Contact surfaces generally have roughness on several length scales, including the nanoscale. On the basis of this study, your highlighted statement can only be substantiated for OFM-lubricated systems with the levels of roughness accessible to MD simulations (nanoscale RMS). Unlike nonpolar lubricant molecules, OFM molecules strongly adsorb to contact surfaces and high coverage films can ‘blur’ nanoscale surface roughness to yield smooth sliding interfaces and thus low friction.

      As far as I’m aware, the effect of other roughness scales (e.g. microscale) on the friction in OFM-lubricated systems has not been studied in boundary friction experiments. However, since the roughness features considered in these simulations are on the atomic scale, they have the most potential to weaken OFM films by disrupting intermolecular forces between neighbouring molecules. One may tentatively conclude, therefore, that they are the most important roughness scale in this particular case.

  2. Hello James,

    I have two fundamental problems with these types of tribological studies.

    While recognizing the practical computational limits of most MD simulations (unless, of course, you have access to MIRA or the like), those limitations (nanoscale roughness) have consequences on the value of the conclusions derived therefrom. After all, these studies are aimed at aiding in the development of new tribological approaches to real world friction problems. MD simulations where the asperity depths are a mere fraction of the adhered polar molecule chain length are not going to provide meaningful insight into how these films will perform in the field. The limitations of the computing power should not dictate the design of the MD study. Design an accurate MD model and apply for access to a bigger machine to crunch your numbers.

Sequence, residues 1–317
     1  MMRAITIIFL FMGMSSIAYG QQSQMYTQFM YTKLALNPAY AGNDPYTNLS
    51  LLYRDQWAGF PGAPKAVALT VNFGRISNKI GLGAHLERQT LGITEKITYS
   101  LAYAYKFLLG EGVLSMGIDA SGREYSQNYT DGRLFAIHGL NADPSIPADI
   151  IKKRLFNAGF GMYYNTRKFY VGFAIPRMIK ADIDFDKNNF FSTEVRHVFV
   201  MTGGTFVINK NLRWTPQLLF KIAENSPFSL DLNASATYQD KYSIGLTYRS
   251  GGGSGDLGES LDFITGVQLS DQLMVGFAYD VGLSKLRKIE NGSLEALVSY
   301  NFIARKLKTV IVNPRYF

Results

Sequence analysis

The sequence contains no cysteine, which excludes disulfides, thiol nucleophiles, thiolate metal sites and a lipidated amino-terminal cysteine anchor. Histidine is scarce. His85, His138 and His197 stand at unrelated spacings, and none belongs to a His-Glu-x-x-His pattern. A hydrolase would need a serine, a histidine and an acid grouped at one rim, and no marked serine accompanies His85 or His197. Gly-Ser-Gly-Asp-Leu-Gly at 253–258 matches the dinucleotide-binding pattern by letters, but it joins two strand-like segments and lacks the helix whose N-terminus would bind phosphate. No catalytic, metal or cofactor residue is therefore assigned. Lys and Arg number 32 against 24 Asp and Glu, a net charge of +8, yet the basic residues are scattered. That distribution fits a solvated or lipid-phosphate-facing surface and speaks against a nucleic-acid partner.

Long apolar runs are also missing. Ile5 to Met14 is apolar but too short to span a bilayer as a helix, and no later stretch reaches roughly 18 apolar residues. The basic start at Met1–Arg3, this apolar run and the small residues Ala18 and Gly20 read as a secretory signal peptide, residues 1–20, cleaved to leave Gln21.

Further, although I wholeheartedly agree that OFMs are very important in tribology, I suggest that (real world) asperity interactions produce temperature conditions that will completely destroy any surface-adhered OFM. There is little cause for concern about disruption of the intermolecular forces between the neighboring chains when the films themselves are vaporized by the heat of the friction event.

    This brings me to the recurring point regarding the overwhelming importance of ISN surface perfection technology.

    Regardless of the tribocoating methods employed, the asperities always win in the end! The only lasting solution to mechanical friction is the permanent removal of the surface asperities, which can then open the door for utilization of various clever friction-reducing tribofilms.

    Considering the aforegoing, is the provided nanoscale roughness of the OFM film in the MD simulation really the “most important” in this case? Does this not skew all the conclusions derived therefrom?